- News Home
17 April 2014 12:48 pm ,
Vol. 344 ,
Officials last week revealed that the U.S. contribution to ITER could cost $3.9 billion by 2034—roughly four times the...
An experimental hepatitis B drug that looked safe in animal trials tragically killed five of 15 patients in 1993. Now,...
Using the two high-quality genomes that exist for Neandertals and Denisovans, researchers find clues to gene activity...
A new report from the Intergovernmental Panel on Climate Change (IPCC) concludes that humanity has done little to slow...
Astronomers have discovered an Earth-sized planet in the habitable zone of a red dwarf—a star cooler than the sun—500...
Three years ago, Jennifer Francis of Rutgers University proposed that a warming Arctic was altering the behavior of the...
- 17 April 2014 12:48 pm , Vol. 344 , #6181
- About Us
26 January 1998 7:00 pm
Scientists have turned a deadly bacterium into a suicide bomber of sorts that can drop a load of therapeutic genes into human cells, then harmlessly self-destruct. This method, described in next month's issue of Nature Biotechnology, could lay the groundwork for a versatile vaccine or novel gene therapy approaches.
For years, vaccine developers have tried to insert genes into immune cells called macrophages, which can carry out directed attacks on specific proteins. Werner Goebel and his colleagues at the University of Würzburg in Germany took a novel tack: They engineered the Listeria bacteria--a notorious contaminant of meat and dairy products--to turn one of its weapons on itself. When engulfed by macrophages, normal Listeria strains unleash an enzyme called listeriolysin that eats away at the holding cell inside a macrophage. By moving the gene encoding listeriolysin to a different part of the genome, the researchers forced Listeria to destroy its own cell membrane and spill its contents into the macrophage's cytoplasm.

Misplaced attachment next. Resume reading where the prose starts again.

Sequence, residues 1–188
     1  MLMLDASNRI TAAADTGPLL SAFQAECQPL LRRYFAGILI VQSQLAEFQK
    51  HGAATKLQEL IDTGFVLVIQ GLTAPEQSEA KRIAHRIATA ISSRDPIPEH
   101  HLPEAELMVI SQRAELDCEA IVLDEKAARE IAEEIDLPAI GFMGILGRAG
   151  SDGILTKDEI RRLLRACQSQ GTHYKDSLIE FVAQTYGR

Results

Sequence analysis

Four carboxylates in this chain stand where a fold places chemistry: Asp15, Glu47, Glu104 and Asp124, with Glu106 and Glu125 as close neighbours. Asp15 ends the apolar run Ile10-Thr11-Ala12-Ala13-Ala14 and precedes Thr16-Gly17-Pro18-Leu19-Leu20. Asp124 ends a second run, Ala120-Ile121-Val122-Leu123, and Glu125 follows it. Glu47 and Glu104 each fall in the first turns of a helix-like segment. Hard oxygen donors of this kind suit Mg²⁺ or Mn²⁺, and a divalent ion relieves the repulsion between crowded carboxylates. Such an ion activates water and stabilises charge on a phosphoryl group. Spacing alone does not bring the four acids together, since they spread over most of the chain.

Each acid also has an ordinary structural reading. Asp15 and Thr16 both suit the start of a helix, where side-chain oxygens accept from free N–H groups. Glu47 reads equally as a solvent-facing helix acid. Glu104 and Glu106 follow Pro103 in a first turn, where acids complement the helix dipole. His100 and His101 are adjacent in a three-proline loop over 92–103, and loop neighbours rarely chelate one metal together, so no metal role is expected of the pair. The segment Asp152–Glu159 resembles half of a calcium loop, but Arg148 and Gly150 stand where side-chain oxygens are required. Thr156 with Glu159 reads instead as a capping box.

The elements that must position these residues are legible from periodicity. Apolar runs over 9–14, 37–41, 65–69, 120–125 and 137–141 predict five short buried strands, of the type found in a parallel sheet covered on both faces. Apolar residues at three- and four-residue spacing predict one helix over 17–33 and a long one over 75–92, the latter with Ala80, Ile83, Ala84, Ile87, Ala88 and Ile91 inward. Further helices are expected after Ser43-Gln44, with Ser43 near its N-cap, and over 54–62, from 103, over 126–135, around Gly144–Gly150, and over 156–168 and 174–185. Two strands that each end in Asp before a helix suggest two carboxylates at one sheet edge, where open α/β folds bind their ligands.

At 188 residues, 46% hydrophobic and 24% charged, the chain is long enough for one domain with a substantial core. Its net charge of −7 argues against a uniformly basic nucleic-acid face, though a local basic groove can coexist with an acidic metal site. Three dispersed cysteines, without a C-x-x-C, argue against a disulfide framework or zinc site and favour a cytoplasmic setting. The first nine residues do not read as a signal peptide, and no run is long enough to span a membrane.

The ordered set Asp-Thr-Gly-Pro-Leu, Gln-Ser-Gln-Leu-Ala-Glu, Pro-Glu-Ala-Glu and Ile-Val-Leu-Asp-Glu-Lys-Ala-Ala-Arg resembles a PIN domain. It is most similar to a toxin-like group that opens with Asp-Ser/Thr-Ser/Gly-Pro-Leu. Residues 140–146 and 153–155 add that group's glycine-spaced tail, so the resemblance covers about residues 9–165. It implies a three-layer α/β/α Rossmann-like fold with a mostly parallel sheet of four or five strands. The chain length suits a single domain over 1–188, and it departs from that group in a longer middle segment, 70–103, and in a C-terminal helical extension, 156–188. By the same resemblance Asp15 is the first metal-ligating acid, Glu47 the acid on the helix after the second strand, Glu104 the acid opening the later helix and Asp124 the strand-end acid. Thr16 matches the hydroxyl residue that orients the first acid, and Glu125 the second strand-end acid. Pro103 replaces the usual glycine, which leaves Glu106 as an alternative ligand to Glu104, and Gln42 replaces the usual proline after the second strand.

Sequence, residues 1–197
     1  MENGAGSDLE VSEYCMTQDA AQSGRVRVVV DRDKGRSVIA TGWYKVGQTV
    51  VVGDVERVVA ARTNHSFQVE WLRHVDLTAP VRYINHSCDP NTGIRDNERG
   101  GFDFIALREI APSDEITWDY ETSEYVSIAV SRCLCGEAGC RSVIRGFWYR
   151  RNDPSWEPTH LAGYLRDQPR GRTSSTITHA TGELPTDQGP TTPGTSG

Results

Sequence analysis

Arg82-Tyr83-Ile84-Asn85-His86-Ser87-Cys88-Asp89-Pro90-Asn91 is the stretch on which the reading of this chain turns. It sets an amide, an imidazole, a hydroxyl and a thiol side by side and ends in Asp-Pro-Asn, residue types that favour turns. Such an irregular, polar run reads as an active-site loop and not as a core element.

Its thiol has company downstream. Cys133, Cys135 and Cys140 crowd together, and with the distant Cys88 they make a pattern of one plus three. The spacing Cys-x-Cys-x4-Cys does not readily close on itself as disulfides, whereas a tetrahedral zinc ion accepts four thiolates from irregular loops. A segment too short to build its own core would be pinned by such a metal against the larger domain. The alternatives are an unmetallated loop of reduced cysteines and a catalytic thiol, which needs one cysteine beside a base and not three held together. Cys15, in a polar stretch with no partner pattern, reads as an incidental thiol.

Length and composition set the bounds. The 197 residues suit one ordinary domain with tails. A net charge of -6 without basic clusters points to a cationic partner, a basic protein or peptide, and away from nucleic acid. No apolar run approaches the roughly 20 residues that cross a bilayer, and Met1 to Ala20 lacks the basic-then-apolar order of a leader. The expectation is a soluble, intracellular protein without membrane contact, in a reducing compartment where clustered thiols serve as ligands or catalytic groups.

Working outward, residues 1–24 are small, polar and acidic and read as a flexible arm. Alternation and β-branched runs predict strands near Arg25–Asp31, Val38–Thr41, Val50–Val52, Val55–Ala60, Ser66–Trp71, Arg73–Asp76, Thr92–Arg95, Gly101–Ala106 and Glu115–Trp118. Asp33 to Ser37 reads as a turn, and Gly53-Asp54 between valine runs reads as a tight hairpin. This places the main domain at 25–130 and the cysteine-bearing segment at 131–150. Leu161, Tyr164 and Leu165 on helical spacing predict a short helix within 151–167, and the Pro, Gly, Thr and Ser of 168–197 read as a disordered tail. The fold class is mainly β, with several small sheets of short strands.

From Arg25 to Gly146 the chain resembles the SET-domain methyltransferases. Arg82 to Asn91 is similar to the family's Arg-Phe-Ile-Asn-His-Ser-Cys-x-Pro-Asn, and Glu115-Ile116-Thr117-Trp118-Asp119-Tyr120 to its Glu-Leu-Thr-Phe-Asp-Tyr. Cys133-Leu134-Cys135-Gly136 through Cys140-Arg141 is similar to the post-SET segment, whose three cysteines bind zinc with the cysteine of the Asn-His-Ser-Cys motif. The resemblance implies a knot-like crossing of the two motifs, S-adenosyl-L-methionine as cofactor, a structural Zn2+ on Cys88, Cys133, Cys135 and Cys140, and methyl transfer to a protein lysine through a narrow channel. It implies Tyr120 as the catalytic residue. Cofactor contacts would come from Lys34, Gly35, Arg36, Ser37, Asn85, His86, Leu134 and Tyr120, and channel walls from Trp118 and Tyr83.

After inserting a fluorescence gene into the disabled Listeria strain, Goebel's group showed that the bacteria could infect cultured human macrophage cells and destroy itself, leaving behind the fluorescence gene, which was taken into the macrophage nucleus in 0.2% of the cells. While a low percentage, that's enough for a successful vaccine, the researchers say.
The findings catapult Listeria into the ranks of other infectious organisms being tested as possible vaccines, including salmonella. "It's too early to rank one over the other," says Daniel Portnoy, a cell biologist at the University of California, Berkeley. He adds that Listeria is also promising as a potential delivery vehicle for gene therapy: "As we understand more about the molecules that Listeria uses to invade, we may be able to target it to different tissues."